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Boston members lock in comprehensive health benefits with new agreement

February 6, 2015

With little fanfare, City of Boston Local 888 members and all of the other municipal unions reached an agreement last December that will allow members to continue to get the care they need while also holding down the city's health insurance costs.

[caption id="attachment_5728" align="alignright" width="300"]Health insurance costs have far exceeded other costs for the city. Source: Power Point COB FY2015 Recommended Budget.Health insurance costs have far exceeded other costs for the city. Source: Power Point COB FY2015 Recommended Budget.[/caption]

The accord reduces the number of plans offered from six to three, potentially saving on administration costs. While it raises copays by $5 per office visit, it keeps members' share of premium contributions much lower than most other municipal employees.

The agreement was reached because of the strong union coalition in the Public Employee Committee (PEC) that that builds on the success of the previous PEC agreement.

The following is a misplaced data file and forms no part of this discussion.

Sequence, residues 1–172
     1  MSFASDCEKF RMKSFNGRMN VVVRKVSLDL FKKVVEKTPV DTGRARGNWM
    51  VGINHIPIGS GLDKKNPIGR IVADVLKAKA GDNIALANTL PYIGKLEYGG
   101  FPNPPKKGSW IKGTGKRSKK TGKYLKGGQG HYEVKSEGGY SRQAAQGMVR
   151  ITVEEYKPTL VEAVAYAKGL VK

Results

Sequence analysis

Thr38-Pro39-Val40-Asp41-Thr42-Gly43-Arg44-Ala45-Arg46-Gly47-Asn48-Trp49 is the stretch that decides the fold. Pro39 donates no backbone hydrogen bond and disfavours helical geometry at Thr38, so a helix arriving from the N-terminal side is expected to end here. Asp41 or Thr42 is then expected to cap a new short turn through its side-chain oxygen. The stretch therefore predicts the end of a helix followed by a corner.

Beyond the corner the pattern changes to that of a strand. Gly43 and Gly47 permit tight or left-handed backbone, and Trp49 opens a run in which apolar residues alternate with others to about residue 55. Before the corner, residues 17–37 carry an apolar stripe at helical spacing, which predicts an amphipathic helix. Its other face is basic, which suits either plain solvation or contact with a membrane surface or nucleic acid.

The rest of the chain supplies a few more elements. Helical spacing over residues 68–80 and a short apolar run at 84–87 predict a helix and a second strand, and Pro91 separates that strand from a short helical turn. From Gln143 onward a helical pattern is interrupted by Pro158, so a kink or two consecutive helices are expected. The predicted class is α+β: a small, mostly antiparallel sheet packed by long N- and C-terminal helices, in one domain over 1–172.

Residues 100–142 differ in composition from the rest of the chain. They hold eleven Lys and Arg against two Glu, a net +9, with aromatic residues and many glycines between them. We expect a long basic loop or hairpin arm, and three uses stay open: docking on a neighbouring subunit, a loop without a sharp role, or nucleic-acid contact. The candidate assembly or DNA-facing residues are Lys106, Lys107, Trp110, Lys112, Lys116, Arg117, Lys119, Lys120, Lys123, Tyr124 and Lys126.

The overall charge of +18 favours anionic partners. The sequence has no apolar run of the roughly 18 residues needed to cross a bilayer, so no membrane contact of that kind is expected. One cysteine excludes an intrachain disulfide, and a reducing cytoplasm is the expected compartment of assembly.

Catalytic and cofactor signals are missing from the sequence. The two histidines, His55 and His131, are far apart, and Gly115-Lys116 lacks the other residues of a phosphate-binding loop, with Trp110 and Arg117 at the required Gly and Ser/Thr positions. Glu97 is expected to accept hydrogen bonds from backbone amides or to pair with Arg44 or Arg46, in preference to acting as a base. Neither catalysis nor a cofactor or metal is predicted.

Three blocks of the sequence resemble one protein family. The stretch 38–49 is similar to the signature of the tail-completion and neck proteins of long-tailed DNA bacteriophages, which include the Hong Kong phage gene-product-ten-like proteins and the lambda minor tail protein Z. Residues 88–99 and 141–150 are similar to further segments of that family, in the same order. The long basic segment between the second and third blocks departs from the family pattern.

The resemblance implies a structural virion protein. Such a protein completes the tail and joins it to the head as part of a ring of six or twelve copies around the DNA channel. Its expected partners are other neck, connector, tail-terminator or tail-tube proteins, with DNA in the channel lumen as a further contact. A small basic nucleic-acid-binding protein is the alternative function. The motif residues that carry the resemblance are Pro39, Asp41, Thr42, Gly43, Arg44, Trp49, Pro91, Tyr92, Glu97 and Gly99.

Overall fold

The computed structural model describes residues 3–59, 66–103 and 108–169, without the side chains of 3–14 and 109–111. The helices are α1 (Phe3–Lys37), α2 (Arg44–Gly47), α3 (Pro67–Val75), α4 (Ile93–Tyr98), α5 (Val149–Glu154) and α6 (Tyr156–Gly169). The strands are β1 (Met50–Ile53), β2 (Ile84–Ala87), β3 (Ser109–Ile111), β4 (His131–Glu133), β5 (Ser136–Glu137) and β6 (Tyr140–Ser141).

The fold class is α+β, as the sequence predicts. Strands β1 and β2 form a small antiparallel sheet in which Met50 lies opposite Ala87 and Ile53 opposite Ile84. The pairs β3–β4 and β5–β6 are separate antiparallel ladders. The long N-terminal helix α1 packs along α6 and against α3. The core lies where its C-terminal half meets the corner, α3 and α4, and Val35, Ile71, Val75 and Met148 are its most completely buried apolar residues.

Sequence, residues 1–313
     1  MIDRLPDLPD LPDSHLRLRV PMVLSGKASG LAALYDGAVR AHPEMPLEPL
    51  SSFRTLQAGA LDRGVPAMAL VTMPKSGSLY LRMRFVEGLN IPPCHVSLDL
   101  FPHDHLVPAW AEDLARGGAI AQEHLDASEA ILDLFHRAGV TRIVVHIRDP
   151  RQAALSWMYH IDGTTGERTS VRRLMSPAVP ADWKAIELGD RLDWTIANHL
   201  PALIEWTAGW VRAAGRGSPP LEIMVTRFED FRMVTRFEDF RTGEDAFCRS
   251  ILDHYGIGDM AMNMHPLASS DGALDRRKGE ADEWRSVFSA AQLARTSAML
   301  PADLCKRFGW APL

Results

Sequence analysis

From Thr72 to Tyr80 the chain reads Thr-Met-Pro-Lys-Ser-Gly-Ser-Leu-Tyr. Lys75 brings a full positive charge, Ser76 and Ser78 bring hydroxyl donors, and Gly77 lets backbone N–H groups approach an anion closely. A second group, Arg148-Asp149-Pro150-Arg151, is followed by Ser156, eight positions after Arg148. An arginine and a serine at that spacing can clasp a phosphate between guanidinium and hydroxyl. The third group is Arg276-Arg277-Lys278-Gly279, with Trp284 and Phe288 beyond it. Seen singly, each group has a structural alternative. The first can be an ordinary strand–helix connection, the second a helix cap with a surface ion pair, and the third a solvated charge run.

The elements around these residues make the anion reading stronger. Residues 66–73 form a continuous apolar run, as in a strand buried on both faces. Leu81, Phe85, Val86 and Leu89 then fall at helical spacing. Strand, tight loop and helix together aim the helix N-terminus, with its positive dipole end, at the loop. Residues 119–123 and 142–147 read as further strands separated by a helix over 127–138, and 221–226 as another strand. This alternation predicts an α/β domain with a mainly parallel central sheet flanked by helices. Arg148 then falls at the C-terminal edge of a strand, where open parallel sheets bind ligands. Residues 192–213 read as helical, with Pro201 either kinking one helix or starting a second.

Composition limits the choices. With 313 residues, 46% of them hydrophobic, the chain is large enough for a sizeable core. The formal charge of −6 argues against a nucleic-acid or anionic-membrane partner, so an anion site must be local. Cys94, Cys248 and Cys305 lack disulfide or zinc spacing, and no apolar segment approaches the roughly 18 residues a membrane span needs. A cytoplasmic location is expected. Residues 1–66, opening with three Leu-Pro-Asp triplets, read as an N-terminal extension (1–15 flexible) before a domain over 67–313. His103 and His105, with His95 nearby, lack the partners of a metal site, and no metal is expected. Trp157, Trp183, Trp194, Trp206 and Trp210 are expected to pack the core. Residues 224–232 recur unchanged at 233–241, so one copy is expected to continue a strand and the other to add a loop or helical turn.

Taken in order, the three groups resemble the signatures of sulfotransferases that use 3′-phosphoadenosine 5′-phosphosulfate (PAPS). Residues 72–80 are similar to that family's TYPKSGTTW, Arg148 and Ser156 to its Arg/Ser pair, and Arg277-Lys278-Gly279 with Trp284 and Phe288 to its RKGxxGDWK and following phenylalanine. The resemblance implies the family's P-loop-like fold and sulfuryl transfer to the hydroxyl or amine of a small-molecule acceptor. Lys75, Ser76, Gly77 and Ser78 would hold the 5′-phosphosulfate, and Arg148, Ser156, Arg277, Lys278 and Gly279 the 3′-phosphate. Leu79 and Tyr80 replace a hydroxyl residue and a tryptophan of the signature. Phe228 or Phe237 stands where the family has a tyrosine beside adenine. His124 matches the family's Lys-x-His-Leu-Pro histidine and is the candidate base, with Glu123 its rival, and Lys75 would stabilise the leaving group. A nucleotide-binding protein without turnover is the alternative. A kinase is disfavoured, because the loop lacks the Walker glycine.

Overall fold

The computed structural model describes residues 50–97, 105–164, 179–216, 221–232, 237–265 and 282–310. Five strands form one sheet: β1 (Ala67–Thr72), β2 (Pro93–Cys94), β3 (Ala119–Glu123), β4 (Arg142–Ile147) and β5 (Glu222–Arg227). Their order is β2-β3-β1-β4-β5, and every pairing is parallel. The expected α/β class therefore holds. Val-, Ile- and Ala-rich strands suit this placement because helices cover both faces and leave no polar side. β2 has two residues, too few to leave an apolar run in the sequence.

"We've managed to keep out-of-pocket costs way below what many other municipal employees are paying," said Local 888's Jen Springer who serves on the PEC committee.  "Not moving to coverage by the state's GIC (Group Insurance Commission) plan has worked to our advantage."

A 2011 state law gave cities and towns the ability to move municipal employees into the GIC that is generally less expensive than municipal plans.  Now that the GIC is running huge deficits and considering major plan design changes, Boston's decision not to go to the state system is looking better than ever.

The new agreement extends members' ability to collectively negotiate health insurance with the City until 2020.  It is expected to achieve approximately $45 million in new savings.  It will also consolidate and modify existing non-Medicare and Medicare plan options and avoid potential costs associated with the Affordable Care Act Excise Tax.

Springer added that, "Locking in these benefits for five more years may turn out to be a godsend."